Hardware Today — Smooth Sailing With Sun Microsystems

by Ben Freeman

Oregon's College of Oceanic Atmospheric Science first filled its data center with Sun systems 20 years ago. Today, the HPC infrastructure features Sun Fire E4900s, V250s, V440s, and V880s. We step inside the cabin to see where its fleet is headed.

Two weeks ago, our Sun Server Snapshot determined the vendor to be charting various courses. Like the previous snapshot, we predicted the outlook to be partly cloudy with a chance of success.

Last week, the vendor announced fiscal fourth-quarter earnings that presented an expected slight loss. But silver linings continue to abound. Microsoft's near $2 billion settlement with Sun brightens the outlook dramatically. A Sun spokesperson also touted preliminary Gartner data showing Sun's server shipments growing a market-leading 35 percent year-over-year for second quarter (based on the calendar year) compared to 24.6 percent for the whole market. That boost in volume is the likely payoff from Sun's increased low-end focus, and last week it was strengthened further with the addition of a new 40z 4-way Opteron servers and low-end Opteron workstations.

This week, Hardware Today focuses its depth scanners on Oregon State University, where Sun big iron anchors its College of Oceanic Atmospheric Sciences (COAS), on a deep sea mission "to help Oregonians, the nation, and the world respond to the challenges of a dynamic and changing Earth system."

Sun Fire E4900 Server
The Sun Fire E4900, the newest member of COAS' fleet.

Sun servers have kept COAS afloat since 1984. "It's been a fantastic relationship," Manager for Research Computing Chuck Sears told ServerWatch. More than 20 years ago, COAS mulled migrating its scientific machines from old Prime 750's with "big-old-honking disk packs," whose 45 pounds equaled 5 MB. Only two vendors met the college's criteria at the time: Apollo, which gave a "killer presentation," but "could not demonstrate, at all," and Sun, which gave a "mediocre presentation," but whose servers "worked flawlessly," Sears said.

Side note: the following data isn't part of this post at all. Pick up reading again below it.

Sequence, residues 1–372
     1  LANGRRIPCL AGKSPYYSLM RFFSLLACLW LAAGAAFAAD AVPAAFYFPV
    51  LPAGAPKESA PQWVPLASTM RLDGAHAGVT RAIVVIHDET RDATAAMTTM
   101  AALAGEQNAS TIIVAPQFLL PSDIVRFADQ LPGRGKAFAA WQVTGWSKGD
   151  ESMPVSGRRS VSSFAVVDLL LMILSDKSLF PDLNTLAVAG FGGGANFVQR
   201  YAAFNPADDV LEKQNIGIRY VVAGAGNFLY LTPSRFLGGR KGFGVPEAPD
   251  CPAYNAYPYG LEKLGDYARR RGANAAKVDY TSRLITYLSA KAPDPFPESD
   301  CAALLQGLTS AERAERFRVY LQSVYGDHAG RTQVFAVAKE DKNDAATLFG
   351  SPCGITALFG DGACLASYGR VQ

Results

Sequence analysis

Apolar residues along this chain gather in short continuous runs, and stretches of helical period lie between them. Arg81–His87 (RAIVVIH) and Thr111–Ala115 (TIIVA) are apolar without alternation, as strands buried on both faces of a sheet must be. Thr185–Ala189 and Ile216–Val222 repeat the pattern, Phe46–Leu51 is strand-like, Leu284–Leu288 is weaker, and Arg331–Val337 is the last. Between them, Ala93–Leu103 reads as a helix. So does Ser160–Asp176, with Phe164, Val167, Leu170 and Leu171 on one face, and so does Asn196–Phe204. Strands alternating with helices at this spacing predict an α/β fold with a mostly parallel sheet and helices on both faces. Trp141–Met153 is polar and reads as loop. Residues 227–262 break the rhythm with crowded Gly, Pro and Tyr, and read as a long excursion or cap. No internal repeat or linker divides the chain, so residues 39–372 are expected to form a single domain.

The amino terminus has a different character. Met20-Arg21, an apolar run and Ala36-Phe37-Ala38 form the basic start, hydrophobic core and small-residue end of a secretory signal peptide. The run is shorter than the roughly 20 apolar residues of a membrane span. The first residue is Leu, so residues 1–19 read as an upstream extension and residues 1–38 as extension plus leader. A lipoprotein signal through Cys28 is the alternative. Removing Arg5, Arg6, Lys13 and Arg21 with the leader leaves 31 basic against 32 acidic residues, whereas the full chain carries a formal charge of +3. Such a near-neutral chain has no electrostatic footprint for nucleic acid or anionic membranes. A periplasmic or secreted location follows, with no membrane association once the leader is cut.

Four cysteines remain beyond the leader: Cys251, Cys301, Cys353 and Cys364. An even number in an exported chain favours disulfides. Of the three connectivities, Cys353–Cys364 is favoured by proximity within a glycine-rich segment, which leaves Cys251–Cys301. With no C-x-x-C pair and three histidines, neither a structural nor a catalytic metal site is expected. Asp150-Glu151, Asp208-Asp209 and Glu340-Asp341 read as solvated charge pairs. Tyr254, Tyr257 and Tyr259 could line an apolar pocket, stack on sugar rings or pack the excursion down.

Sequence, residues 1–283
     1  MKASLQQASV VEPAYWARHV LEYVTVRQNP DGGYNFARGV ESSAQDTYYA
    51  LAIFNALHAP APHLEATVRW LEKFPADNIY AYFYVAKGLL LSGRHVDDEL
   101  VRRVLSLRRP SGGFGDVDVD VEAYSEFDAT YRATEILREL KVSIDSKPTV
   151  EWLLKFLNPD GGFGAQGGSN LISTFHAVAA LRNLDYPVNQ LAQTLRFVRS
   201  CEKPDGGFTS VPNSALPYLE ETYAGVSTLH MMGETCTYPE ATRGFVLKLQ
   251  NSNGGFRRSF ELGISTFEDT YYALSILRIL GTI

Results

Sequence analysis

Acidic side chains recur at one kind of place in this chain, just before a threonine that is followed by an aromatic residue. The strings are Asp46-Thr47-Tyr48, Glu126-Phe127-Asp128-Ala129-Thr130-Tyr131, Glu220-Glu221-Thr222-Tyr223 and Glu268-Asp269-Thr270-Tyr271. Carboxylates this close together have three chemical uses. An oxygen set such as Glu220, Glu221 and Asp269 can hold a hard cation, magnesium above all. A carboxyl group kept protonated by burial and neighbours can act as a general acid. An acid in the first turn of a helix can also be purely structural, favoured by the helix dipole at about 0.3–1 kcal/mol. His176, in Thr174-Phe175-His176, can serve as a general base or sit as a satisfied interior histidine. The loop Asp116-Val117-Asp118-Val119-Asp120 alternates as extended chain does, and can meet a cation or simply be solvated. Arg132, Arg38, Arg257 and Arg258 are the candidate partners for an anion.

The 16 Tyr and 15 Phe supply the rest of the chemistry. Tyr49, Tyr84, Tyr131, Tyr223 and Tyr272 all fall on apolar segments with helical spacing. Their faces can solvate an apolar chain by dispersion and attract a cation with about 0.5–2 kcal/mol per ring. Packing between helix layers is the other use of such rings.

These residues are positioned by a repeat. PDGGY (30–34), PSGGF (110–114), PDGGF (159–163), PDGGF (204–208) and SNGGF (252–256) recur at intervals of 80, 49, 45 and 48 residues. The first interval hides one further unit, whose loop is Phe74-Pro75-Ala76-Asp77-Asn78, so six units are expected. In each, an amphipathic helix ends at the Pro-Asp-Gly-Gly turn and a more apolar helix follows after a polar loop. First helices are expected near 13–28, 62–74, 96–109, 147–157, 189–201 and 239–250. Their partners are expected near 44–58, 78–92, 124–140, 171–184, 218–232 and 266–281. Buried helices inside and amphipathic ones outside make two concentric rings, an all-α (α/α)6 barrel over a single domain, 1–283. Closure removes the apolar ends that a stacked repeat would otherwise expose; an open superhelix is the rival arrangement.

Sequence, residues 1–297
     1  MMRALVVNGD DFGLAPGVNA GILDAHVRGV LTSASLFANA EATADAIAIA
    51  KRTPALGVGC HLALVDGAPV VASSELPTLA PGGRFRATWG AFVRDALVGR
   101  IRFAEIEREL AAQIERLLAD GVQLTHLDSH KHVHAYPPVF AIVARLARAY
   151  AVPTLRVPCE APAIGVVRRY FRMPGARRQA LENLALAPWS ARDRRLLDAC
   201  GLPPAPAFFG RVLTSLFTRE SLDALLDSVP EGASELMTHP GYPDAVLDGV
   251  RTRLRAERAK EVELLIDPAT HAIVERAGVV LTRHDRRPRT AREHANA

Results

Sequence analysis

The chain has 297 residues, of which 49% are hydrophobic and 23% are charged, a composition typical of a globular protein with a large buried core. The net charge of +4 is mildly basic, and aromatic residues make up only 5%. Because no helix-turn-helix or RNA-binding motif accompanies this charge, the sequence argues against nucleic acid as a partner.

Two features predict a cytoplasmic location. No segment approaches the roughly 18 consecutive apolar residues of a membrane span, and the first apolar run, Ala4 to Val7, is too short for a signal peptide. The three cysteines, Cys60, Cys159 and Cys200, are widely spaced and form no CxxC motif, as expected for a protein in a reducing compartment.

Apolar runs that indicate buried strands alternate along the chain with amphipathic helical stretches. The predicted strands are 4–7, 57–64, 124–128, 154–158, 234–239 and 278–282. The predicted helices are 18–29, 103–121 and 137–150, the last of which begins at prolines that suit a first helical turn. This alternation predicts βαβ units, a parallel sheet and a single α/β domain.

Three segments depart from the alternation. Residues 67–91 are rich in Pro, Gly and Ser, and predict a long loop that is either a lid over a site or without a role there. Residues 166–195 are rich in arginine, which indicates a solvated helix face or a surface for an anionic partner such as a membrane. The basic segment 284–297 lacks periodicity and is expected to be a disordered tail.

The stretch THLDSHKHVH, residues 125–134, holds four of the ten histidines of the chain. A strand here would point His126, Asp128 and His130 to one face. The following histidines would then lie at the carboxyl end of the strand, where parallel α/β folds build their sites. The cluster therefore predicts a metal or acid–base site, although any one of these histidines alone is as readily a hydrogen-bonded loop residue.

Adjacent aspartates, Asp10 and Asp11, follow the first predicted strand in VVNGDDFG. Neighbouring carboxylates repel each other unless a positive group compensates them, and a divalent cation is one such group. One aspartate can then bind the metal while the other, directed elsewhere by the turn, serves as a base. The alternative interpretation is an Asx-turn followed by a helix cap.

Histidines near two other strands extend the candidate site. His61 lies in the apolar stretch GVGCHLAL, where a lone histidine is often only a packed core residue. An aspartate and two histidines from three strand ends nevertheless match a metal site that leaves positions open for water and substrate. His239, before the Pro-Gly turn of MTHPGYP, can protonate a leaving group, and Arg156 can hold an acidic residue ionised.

COAS chose Sun, hoping it might one day correct its messaging. "We haven't looked back since," Sears glowed.

Meet the Fleet

COAS's heterogeneous "classical supercomputer environment" relies on Sun for more than 80 percent of its server needs, Sears estimates. From Sun Fire V250s, to 4-way V440s and 8-way V880s, COAS has kept its extensive high performance computing (HPC) code base running on SPARC clusters.

And since January 2004, COAS has become increasingly reliant on its new flagship, the UltraSPARC IV-based Sun Fire E4900. Moving from only 20 percent top efficiency compiling on its clustered systems, COAS now runs the E4900's Chip MultiThreading across 12 processors (24 cores), and 48 GB of RAM for a 1.6x increase in horsepower, without any "heavy lifting" in the code base. "This, if it can scale, is a Nirvana to us," Sears noted.

Now, "from a real-world perspective, instead of waiting 10 days for our [compiler] checkpoint to finish, we're waiting 5.3 days," Sears said. All that remains for COAS is to "hope that Sun continues up that architectural curve to build bigger building blocks, and we just scale appropriately."